VCs make a play for investment community’s collaborative spirit at Bertelsmann Badminton Championship
VCs donned sportswear and showcased sporting spirit at a badminton tournament in New Delhi to network in a fun and informal way.
In the last decade, rapid globalisation and the boom in technology have aided young minds by giving wings to innovative ideas and making India a fast-emerging startup nation.
According to a NASSCOM-ZINNOV report, Indian Startup Ecosystem Maturing – 2016, India has the third largest startup community after the US and the UK. The report highlights that India will become home to over 10,500 startups by 2020, employing over 210,000 people.
Significant government-led initiatives like Startup India, Digital India and Make in India have given a push to entrepreneurship development, making India a startup-friendly country. Though the initiatives are creating optimism in the entrepreneurial and investment community, VCs continue to face several challenges as far as funding is concerned. These include finding worthy ideas and businesses, risk mitigation, meeting funding milestones, policy barriers and high taxation among others.
Rahul Chandra, MD of Helion Venture Partners, said: “While funding early stage startups, it’s difficult to predict how the business will do going ahead and you often need to bet on the business idea.”
Though entrepreneurs often cite funding as one of the biggest challenges of the startup journey, VCs seem to hold a different view and feel that a clear business idea is crucial for fundraising.
Sandeep Sharma, Fellow at Kstart (Kalaari Capital’s seed fund initiative), said: “If you have a great idea, investors will want to invest in you. VCs are on the lookout for great ideas and businesses. Entrepreneurs need to ensure that they are communicating their vision as clearly as possible. We need entrepreneurs as much as entrepreneurs need us.”
Networking over a badminton game
VC funds are committed for a duration of 5-10 years and they compete, co-invest and collaborate during this long journey of the startup. They often meet in formal settings where ‘startup’ is the buzzword in most conversations.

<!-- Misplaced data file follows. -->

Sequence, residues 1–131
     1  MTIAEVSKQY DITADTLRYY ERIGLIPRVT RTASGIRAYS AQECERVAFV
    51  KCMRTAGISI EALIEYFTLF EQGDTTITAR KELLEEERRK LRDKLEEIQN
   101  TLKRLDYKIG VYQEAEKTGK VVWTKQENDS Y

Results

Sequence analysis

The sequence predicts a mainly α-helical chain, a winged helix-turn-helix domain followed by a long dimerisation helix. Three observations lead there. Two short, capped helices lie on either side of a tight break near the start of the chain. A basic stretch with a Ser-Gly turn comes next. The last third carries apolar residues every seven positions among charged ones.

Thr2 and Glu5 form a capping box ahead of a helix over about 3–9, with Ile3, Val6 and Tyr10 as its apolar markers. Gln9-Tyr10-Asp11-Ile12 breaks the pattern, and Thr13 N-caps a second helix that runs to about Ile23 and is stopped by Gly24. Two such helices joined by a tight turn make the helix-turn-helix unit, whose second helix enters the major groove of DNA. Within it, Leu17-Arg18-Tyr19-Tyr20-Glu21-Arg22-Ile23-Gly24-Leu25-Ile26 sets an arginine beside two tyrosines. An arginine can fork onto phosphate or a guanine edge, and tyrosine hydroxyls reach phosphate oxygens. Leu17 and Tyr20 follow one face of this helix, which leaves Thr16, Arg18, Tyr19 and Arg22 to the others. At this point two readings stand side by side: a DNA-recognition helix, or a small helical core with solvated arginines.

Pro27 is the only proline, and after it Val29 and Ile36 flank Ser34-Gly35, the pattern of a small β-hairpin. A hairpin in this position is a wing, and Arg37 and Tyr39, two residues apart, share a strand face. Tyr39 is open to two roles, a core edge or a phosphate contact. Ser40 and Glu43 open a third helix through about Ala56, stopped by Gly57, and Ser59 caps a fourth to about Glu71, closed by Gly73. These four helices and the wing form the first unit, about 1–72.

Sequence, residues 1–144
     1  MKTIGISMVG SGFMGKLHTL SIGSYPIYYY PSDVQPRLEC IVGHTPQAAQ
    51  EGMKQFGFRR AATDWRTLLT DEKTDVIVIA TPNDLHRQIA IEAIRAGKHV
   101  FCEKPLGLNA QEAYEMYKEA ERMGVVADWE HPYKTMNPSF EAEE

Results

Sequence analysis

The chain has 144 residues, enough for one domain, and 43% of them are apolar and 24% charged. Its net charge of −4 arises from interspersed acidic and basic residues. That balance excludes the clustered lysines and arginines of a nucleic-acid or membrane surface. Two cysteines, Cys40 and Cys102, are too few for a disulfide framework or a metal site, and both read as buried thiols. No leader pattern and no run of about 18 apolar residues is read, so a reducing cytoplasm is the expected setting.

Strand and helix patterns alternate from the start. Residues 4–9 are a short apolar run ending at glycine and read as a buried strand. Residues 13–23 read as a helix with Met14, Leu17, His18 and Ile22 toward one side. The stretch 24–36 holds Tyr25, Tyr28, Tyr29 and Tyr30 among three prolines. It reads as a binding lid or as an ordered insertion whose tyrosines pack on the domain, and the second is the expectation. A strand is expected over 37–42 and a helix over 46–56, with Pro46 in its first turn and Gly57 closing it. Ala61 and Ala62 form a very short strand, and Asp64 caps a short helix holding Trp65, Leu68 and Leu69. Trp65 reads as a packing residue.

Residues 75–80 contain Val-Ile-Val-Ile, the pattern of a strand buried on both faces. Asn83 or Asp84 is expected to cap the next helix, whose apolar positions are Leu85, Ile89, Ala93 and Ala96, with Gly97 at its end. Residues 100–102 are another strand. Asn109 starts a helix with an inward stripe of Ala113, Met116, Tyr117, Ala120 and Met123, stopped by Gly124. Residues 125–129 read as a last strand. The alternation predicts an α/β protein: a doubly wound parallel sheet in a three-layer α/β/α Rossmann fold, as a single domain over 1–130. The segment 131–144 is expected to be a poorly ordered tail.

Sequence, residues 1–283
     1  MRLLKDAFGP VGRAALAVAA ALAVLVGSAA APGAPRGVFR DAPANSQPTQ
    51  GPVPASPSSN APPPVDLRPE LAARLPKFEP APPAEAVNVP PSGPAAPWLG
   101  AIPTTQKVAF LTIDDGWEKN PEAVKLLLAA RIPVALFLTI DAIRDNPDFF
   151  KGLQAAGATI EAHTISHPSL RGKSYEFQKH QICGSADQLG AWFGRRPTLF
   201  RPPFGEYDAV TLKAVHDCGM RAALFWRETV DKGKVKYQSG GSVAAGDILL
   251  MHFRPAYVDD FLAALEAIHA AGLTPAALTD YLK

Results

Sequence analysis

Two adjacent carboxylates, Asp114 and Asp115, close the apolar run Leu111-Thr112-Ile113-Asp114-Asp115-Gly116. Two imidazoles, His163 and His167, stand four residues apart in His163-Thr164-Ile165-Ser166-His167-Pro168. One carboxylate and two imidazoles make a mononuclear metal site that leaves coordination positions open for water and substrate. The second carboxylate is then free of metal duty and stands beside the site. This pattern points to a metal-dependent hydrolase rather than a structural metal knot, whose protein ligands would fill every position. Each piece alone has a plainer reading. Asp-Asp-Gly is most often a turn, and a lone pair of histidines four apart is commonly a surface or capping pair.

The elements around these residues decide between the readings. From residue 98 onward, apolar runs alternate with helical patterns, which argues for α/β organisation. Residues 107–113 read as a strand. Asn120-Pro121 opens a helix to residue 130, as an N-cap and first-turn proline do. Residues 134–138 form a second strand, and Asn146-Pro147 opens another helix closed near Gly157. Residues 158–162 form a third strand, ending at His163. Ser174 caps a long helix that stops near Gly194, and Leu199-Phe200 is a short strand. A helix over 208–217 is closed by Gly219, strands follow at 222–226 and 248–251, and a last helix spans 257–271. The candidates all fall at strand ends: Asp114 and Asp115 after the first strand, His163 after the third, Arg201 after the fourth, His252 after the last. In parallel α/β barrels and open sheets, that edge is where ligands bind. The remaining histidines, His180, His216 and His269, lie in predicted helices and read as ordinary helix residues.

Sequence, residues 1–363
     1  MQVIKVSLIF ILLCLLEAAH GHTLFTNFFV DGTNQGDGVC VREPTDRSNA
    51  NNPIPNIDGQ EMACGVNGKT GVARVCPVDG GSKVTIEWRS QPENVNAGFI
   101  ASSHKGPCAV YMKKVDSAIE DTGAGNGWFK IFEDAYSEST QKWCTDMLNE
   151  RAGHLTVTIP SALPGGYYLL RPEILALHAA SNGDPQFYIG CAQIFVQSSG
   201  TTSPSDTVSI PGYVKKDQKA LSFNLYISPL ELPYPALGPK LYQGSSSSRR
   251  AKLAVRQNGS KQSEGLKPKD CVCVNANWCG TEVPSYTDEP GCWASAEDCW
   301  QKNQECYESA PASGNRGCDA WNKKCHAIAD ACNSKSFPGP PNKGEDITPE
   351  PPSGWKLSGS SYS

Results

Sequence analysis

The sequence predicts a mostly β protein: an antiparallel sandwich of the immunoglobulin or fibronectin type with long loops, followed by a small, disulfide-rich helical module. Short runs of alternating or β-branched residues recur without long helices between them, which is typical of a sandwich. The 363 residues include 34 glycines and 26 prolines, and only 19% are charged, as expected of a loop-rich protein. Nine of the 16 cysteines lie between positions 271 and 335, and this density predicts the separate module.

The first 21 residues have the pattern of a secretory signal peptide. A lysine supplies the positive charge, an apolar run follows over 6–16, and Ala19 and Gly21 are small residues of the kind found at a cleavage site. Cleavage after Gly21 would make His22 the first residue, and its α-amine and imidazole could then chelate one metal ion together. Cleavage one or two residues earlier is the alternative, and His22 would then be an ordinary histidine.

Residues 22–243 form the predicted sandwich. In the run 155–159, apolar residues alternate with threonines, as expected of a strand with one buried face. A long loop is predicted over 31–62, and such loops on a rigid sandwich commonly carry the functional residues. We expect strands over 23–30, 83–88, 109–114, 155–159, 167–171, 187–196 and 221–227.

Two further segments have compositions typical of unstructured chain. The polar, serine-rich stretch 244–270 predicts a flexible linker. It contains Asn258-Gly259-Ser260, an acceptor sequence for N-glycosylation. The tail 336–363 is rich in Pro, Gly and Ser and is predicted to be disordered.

To help VCs bond better, exchange ideas and network in an informal way, Bertelsmann India Investments (BII), the strategic investment arm of German media giant, Bertelsmann, organised a badminton tournament at the Squash & Badminton Stadium at Delhi’s Siri Fort on September 21, 2017. The India-specific event aimed to celebrate the spirit of collaboration in the Indian VC ecosystem.
Pankaj Makkar, MD, Bertelsmann India Investments, said: “Through this initiative, we aim to exchange ideas in an informal fashion and celebrate the spirit of the investment community. This is the second year that we are hosting the championship and the turnout has been great.”
Taking off the investor hat
Top bosses of over 10 VC firms, including Helion Venture Partners, Avendus Capital, Trifecta Capital, Nexus Venture Partners, Kalaari capital, Sistema and Sequoia, among others participated in the friendly badminton matches.
In the day-to-day activities of the startup ecosystem, VCs are found mentoring, negotiating with startups or attending high-level meetings in formal wear and wearing the investor hat. However, at the Bertelsmann Badminton Championship, they were not only spotted in sportswear but also in sporting spirit.
Jatin Bery, EVP - Corporate Development, Info Edge, said, “Normally, networking is over cocktails and drinks and not during a sporting event. So this is a one-of-a-kind initiative.”
Be it a drop or a smash, all shots by competing teams were taken in a friendly and sporting spirit. Just like competing to invest in great idea, VCs were seen arguing and fighting for points during the game. Even teams that lost were happy to be a part of the tournament and know their counterparts in a better way through the initiative.
The winners of the Bertelsmann Badminton Championship 2017 edition were Sandeep Sharma and Sumit Jain from Kalaari Capital. Jatin Bery and Maneesh Upadhyaya, of Info Edge, occupied the runner-up spot.
The state of the ecosystem
The Indian startup ecosystem has witnessed a slowdown in investments last year. According to industry estimates, the number of funding deals fell from 536 in 2015 to 460 in 2016. It is also revealed that investors poured in around $2.05 billion into Indian startups in 2015, which fell to $1.5 billion in 2016.
VCs hope that the investment landscape will change for the better in the coming year.
Arpit Agarwal, Principal at Blume Ventures, said, “We can only look up and hope the scenario gets better. In 2016-2017, we saw the emergence of a lot of seed funds. In 2018, we should see the emergence of series A and B funds. Our ecosystem will become more mature only when this happens.”